|Posted on May 20, 2020 at 3:30 PM|
On March 16th, beginning at midnight, the Governor mandated closure of all day-care facilities, and on March 19, 2020 the Governor announced the Closure of All Businesses That Are Not Life-Sustaining. Since child care is not considered life-sustaining in general, all child care certain are to remain closed until the Governor lifts the closure mandate.
Until Governor Wolf lifts the order, child care programs in Pennsylvania must remain closed unless they meet a specific requirement such as family daycares and group homes.
All of the Children's Place Preschools will be closed until further notice.
In the meantime, we are providing free meals at our Longshore location (4416 Longshore Avenue) every Monday and Wednesday. We are also handing out free Pampers and wipes on Saturdays. Please see the flyer above for more info.
|Posted on May 20, 2020 at 3:00 PM|
We are still providing meals to go for ALL children at our Longshore location (4416 Longshore Avenue)! Same days and times.
|Posted on April 10, 2020 at 11:20 PM|
Chef Chip Panico’s mission is keeping PreK kids fed and nourished. The School District of Philadelphia is providing free meals to students during the school year and the shutdown – but what about families with children aged 6 months to Pre-K?
Thanks to funding secured by It Takes a Village to Feed One Child, a nonprofit that provides meals to children, Panico is able to distribute meals to those young ones in need. On Mondays and Wednesdays at 10 a.m. to 1 p.m., families will be able to pick up meals from sites like Children’s Place Longshore and others to keep their child nourished.
Last week, about 120 kids received three meals each during the two days the tent was set up at Children’s Place. Panico is distributing meals at four locations throughout the city, including Over the Rainbow Preschool at 4301 Tyson Ave., which will also be distributing meals to families of the center on a similar schedule.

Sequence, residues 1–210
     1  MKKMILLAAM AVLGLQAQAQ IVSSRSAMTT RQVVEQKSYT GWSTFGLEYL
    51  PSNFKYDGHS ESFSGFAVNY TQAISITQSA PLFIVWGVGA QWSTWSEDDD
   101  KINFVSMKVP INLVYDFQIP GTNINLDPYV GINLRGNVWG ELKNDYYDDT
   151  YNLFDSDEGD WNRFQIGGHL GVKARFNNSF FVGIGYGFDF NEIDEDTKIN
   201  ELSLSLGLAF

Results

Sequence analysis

It’s a good start, but Panico wants to expand. Under the Child and Adult Care Food Program, he’s contracted to distribute meals only at sites he’s already contracted to work at, and only to children who are signed up to use that center.
“Kids that aren’t in these centers that live in his neighborhood – how are they getting fed?” Panico said.
|Posted on April 10, 2020 at 11:20 PM|
|Posted on August 12, 2019 at 10:05 PM|
Last week we had the opportunity to show Mayor Jim Kenney our new facility at Longshore, which hosts a PHLpreK program, and surprise him with a birthday celebration! Check out a video from the event below:
|Posted on February 6, 2019 at 9:05 AM|
We are excited to announce great opening a new facility at 4416 Longshore Avenue in Philadelphia!
The new facility will be larger than our current facility on Longshore Avenue, and is open and ready to enroll for summer camp of 2019.
We encourage anyone interested to call (215) 333-2211 in order to get a spot for our summer program. Details about our summer camp program are posted on the home page.
|Posted on March 19, 2018 at 9:05 PM|
You've got plenty of options. Try fishing in Fishtown, see a free show at the Free Library, or take some time for family art appreciation at PAFA or the Philadelphia Museum of Art. Click here to see a list of family fun events happening in Philly!
Celebrate Easter? Hunt eggs, brunch with the Easter Bunny, and celebrate spring at these fun events. This is not a complete list, so be sure to click here for the full list!
Easter Hoppin’ Workshop at SplashLab Arts
March 18, 24, 25, and 31, 10—11 am
3510 Scotts Lane #2911, Philadelphia, PA
Hop on over for a full Easter crafting session. Create a mini Easter hanging basket, learn the process of print making with paint and potatoes, and welcome in spring with handmade sun catchers for your window!
Easter Egg Hunt at Please Touch Museum
March 24, 9 am–2 pm
4231 Avenue of the Republic, Philadelphia
Bring your own basket to the Please Touch Museum for a hunt that’s sure to be “an EGGS-citing time!”
Penn Treaty Park Easter Egg Hunt
March 24, 11 am — 2 pm
1199 N. Delaware Ave., Philadelphia
Free Easter egg hunt with prizes for all.
The Great Glen Foerd Easter Egg Hunt
March 24, 10 am — 1 pm
5001 Grant Ave., Philadelphia
When children aren’t hunting for eggs at this historic mansion on the Delaware, they are welcome to visit with the Easter Bunny, enjoy children’s crafts, enjoy delicious treats from the Dining Car, or participate in the Settlement Music School Kardon Northeast Branch’s Children’s Music Workshop. The Children’s Music Workshop will be held at noon, but kids will be invited throughout the event to explore instruments and the fun of music.